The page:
Tapping Computer Data Is Easy

(Note: The original document was all typed in caps lock, so we transformed it to “Title” letters so it could be easier to read)

–FEATURE ARTICLES AND REVIEWS-

Tapping Computer Data Is Easy, And Clearer Than Phone Calls !

By Ric Blackmon, Sysop Of A Fed Bbs

Aquired By Elric Of Imrryr & Lunatic Labs Unltd

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For Several Years, I Accepted Certain Bits Of Misinforma- Tion As Technically Accurate, And Didn’t Properly Pursue The Matter. Several Fools Gave Me Foolish Information, Such As: A Tap Interrupts Computer Data Transmissions; Data Could Be Picked Up As Rf Emanations But It Was A Mass Of Unintelligible Signal Caused By Data Moving Between Registers; One Had To Be In ‘sync’ With Any Sending Computer; Data Couldn’t Be Read Unless You Had A Direct Match In Speed, Parity & Bit Pattern; And Only A Computer Of The Same Make And Model Could Read The Sending Com- Puter. This Is All Plain Swill. It Is In Fact, An Easier Chore To Tap A Computer Than A Telephone. The Technique And The Equipment Is Almost The Same, But The Computer Line Will Be More Accurate (The Two Computers Involved, Have Error Correcting Procedures) And Clearer (Digital Transmissions Have More Distinct Signals Than Analog Transmissions).

First, Recognize That Nearly All Data Transmissions Are Sent In Cleartext Ascii Signals. The Lines Carrying Other Bit-Groups Or Encyphered Texts Are Rare. Second, The Signal Appears On Green And Red (Wires) Of The Phone Line (‘tip’ And ‘ring’). The Data Is Most Likely Asyschronous Serial Data Moving At 300 Baud. Now That 1200 Baud Is Becoming More Chic, You Can Expect To Find A Growing Use Of The Faster Transmission Rate. Finally, You Don’t Need To Worry About The Protocol Or Even The Baud Rate(Speed) Until After A Taped Copy Of A Transmission Is Obtained.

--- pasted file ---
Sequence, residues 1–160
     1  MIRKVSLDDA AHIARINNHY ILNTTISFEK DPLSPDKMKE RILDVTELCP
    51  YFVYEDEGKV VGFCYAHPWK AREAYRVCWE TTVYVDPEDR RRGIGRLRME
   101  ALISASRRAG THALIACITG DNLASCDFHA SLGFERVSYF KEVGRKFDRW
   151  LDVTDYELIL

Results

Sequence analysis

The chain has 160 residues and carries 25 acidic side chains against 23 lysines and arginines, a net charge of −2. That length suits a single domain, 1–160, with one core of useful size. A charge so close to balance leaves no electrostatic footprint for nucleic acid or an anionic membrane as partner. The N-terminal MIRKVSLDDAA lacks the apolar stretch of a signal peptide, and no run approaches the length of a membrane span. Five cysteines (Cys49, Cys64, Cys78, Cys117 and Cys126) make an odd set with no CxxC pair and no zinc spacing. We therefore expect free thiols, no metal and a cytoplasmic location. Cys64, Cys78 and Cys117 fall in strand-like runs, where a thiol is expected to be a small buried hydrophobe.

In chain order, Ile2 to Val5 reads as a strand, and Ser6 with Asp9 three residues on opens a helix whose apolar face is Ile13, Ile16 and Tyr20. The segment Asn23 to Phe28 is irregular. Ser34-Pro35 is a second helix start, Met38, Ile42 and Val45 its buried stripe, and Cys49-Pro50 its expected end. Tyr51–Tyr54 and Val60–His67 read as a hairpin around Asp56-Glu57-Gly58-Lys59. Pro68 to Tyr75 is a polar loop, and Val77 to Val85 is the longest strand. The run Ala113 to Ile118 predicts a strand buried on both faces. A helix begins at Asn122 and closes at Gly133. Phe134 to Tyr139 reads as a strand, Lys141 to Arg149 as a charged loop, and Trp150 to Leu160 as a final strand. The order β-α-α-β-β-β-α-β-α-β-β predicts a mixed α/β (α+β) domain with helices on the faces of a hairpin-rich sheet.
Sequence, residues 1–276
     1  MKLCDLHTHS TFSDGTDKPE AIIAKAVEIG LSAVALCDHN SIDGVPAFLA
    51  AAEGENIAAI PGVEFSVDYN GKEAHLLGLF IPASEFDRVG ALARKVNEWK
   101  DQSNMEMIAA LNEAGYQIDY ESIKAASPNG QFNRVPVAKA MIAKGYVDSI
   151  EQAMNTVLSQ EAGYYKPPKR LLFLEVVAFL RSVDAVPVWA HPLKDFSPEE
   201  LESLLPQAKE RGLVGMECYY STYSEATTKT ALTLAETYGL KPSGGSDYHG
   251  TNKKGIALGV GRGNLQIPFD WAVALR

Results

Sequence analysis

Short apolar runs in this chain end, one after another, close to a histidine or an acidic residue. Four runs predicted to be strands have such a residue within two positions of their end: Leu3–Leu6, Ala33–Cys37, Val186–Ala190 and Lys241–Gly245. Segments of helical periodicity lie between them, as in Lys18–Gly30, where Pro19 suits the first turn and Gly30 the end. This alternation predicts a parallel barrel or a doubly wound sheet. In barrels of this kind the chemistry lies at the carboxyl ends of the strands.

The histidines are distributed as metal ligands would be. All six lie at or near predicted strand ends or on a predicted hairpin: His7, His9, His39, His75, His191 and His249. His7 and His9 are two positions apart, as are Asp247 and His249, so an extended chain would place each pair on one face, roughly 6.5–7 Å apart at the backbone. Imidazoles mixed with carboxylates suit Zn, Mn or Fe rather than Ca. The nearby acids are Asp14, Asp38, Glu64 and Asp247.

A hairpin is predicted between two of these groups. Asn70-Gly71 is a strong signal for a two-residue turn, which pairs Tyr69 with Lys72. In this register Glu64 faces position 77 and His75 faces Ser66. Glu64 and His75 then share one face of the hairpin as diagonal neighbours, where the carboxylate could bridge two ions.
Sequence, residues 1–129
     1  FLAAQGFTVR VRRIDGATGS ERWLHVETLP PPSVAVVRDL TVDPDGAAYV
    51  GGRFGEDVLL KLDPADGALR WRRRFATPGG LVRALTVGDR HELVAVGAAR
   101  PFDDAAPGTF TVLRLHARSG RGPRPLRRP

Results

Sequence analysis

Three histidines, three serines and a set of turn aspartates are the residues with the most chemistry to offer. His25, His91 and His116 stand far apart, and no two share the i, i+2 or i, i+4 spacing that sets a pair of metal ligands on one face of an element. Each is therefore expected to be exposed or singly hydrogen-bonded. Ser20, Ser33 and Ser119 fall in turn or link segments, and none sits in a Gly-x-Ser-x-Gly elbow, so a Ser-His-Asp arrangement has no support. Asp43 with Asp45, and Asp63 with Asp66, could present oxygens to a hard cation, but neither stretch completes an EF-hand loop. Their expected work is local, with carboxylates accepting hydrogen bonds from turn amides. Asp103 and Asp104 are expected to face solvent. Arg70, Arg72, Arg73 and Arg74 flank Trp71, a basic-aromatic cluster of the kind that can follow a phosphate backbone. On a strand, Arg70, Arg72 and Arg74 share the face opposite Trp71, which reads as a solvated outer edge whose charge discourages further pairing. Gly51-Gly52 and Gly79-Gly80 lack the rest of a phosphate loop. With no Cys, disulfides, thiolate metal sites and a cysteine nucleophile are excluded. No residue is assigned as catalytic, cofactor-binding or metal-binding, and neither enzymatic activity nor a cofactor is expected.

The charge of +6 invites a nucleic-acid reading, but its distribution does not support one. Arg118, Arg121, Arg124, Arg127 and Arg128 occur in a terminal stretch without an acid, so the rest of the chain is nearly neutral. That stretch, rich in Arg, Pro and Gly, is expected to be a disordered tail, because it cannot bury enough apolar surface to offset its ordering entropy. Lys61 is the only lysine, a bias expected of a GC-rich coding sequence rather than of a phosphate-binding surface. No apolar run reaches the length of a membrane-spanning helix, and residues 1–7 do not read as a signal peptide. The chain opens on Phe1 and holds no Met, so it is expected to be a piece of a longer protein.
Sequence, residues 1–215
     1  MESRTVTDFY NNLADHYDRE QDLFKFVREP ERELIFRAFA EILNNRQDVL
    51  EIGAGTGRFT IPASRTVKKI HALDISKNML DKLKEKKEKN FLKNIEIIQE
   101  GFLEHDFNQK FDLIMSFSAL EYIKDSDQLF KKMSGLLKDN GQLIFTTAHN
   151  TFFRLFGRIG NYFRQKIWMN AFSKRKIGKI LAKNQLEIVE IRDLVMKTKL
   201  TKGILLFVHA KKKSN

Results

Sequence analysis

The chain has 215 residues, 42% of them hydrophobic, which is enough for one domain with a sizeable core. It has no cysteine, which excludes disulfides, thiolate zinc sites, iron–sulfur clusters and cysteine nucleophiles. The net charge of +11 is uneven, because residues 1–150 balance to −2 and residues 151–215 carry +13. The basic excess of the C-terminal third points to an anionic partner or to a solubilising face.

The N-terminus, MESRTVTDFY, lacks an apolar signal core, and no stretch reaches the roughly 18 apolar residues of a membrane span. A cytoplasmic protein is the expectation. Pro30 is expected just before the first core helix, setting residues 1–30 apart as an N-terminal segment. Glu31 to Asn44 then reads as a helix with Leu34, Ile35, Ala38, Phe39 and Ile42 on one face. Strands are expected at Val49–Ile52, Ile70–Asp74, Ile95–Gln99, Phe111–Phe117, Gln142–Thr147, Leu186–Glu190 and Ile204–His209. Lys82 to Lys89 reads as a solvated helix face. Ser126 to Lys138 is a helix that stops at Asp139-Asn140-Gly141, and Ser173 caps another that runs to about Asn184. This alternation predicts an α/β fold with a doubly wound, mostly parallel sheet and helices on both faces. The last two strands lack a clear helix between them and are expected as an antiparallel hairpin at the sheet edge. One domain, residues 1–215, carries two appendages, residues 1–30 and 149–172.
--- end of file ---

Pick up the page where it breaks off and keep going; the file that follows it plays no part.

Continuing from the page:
In A Simple Experiment, A Taped Copy Of A Data Transmis- Sion Was Made With The Cheapest Of Tape Recorders, Tapping The Green And Red Lines Beyond The Modem. The Recording Was Then Played Into A Modem As Though It Were An Original Transmission. At That Point, Had It Been Necessary, The Protocol Settings On Receiving Terminal Could Have Been Changed To Match The Tape. No Adjustments Were Necessary And A Nice, Clear Error-Free Document Was Received On The Illicit Video Screen And A Neat Hard-Copy Of The Document Came Off The Printer. The Message Was Indeed Cap- Tured, But Had It Been An Interception Instead Of A Simple Moni- Toring, It Could Have Been Altered With A Simple Word Processor Program, To Suit Any Purpose, And Placed Back On The Wire.

Were I To Have An Interest In Information Originating From A Particular Company, Agency, Or Office, I Think That I Would Find It Far More Productive To Tap A Data Transmission Than To Tap A Voice Transmission, And Even More Rewarding Than Getting Hardcopy Documents.

*Significant & Important Information Is More Concentrated In A Data Transmission.

*Significant & Important Infor- Mation Is More Easily Located In Data Transmissions Than In Masses Of Files Or Phone Calls.

*Transmitted Data Is Presumed True, And When Alteration Is Discovered, Its Readily Blamed On The Equipment.

*The Laws Concerning Taps On Unclassified And Non-Financial Computer Data Are Either Quite Lacking Or Abjectly Stupid.

the Point Of All This Is That The Prudent Manager Really Ought To Encrypt All Data Transmissions. Encryption Packages Are Cheap (A ‘des’ Program Is Now Priced At $30) And Are Easy To Use.

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Tapping Computer Data Is Easy

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